“I understand the privilege of bringing a camera into a place that has endured a 30-year civil war”
Two years ago, Getty Images Prestige photographer Harry Hook slipped into South Sudan during a window of peace for the war torn African nation.
Hook, who is well known for his 1990 dystopian film Lord of the Flies and his 2014 BAFTA-nominated documentary Photographing Africa, brought with him a big box of a camera (a Pentax 645), and, his medium of choice, film. His goal: to photograph the Mundari cattle camps, in which young men and women head away from their villages to the banks of the Nile for three months each year, to gather together and graze their cattle. But since he only had 15 frames per role and just a limited supply of film, he needed to be extremely decisive in choosing the right moments to capture.
“I spend a lot of time waiting for the right moment,” Hook said by phone recently from his home in Bristol. “And I react as instinctively as I can when the moment occurs.”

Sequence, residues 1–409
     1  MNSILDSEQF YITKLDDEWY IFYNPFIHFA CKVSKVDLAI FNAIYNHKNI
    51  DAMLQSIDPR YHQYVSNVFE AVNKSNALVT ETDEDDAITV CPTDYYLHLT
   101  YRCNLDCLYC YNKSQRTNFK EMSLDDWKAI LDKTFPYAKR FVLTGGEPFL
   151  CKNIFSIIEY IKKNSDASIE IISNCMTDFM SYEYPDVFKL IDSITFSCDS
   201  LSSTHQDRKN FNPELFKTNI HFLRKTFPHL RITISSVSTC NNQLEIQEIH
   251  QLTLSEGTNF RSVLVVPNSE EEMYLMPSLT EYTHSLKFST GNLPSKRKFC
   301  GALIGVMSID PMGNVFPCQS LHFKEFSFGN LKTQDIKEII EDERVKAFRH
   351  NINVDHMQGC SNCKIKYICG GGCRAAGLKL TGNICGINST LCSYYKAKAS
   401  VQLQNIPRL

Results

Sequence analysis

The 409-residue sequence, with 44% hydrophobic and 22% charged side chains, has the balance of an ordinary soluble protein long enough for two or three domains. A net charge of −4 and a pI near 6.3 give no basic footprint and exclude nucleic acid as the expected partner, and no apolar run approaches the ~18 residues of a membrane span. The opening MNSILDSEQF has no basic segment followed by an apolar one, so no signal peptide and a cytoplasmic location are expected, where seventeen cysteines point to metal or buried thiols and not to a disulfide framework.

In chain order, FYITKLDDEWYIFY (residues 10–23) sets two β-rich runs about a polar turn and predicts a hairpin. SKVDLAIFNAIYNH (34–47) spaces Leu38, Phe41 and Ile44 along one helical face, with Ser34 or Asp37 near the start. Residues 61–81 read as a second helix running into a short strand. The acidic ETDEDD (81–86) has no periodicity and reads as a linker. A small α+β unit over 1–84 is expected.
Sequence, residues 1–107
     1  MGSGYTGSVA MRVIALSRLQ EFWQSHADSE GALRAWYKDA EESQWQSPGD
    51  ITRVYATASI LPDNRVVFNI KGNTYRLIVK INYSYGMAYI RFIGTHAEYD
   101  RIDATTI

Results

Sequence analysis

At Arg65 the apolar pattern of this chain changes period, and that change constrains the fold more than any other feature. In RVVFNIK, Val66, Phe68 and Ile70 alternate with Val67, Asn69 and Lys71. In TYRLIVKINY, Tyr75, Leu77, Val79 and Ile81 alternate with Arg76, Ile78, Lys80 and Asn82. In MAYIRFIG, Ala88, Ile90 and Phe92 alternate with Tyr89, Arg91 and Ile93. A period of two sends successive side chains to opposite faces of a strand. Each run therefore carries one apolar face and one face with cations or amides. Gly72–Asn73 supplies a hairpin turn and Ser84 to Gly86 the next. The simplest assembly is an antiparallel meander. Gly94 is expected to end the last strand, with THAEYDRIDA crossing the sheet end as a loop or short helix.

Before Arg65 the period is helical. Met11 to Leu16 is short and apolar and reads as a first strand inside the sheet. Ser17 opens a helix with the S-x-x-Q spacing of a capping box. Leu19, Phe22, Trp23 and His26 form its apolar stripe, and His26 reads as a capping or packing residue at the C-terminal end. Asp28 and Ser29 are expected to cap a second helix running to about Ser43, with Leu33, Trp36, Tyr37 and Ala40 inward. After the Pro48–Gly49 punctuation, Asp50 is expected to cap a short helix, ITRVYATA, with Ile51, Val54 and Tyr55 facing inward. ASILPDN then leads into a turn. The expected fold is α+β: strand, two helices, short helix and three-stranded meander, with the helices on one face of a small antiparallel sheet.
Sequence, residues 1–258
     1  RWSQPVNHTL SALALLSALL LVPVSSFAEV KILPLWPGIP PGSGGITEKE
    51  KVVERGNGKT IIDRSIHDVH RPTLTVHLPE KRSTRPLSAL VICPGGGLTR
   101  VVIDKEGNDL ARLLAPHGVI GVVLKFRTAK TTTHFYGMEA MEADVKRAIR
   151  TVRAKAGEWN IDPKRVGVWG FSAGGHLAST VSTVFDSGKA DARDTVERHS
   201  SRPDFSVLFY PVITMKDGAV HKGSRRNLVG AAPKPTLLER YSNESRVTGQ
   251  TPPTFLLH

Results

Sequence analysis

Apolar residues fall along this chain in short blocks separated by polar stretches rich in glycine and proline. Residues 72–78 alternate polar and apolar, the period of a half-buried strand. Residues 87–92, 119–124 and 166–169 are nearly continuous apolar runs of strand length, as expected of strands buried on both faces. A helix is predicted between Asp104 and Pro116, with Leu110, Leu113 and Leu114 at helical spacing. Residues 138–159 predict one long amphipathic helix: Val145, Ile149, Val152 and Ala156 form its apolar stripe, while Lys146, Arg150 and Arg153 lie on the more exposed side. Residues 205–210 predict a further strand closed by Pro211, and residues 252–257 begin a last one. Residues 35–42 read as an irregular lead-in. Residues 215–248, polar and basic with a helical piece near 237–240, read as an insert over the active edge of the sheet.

The cattle camps were hot, remote and difficult for outsiders to access, but that only encouraged him.
“I understand the privilege of bringing a camera into a place that has endured a 30-year civil war,” he said. He was grateful to experience a place so rarely photographed, and he enjoyed the combination of the landscape’s beautiful light together with the warmth of the Mundari people.
“It was a festive feeling,” Hook said. “The energy there is kind of like a music festival. At dusk, they light these smoky ash fires to keep the insects away, which makes the camps very atmospheric places. And, generally, around sunset, everyone is singing and dancing.”
That’s when he noticed the young woman standing in the haze, and he pressed down on his shutter to make the image.
“As you can see, she is wearing an interesting mélange, a funky modern little top, which is the style, and traditional clothing,” Hook said. “So even though we’re in this incredibly remote area, she’s not untouched by the modern world.”
This dynamic is at the center of much of Hook’s work.
“I’m really interested in this fusion and the friction between modernity and traditional ways of life,” he said. “I take pictures of the people I’m interested in and the things I’m interested in. How Africa’s changing, that’s what interests me.”Discover more of Harry Hook’s work at gettyimages.com